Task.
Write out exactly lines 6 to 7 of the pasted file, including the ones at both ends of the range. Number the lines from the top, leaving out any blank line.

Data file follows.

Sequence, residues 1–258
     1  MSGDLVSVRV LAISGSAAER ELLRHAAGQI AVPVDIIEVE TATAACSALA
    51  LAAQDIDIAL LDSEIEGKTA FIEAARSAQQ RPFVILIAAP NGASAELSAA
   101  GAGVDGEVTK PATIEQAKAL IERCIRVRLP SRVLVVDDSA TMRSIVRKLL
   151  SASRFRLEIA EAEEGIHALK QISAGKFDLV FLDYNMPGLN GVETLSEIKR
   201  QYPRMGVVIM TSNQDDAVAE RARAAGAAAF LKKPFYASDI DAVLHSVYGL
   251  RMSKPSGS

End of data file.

   201  QYPRMGVVIM TSNQDDAVAE RARAAGAAAF LKKPFYASDI DAVLHSVYGL
   251  RMSKPSGS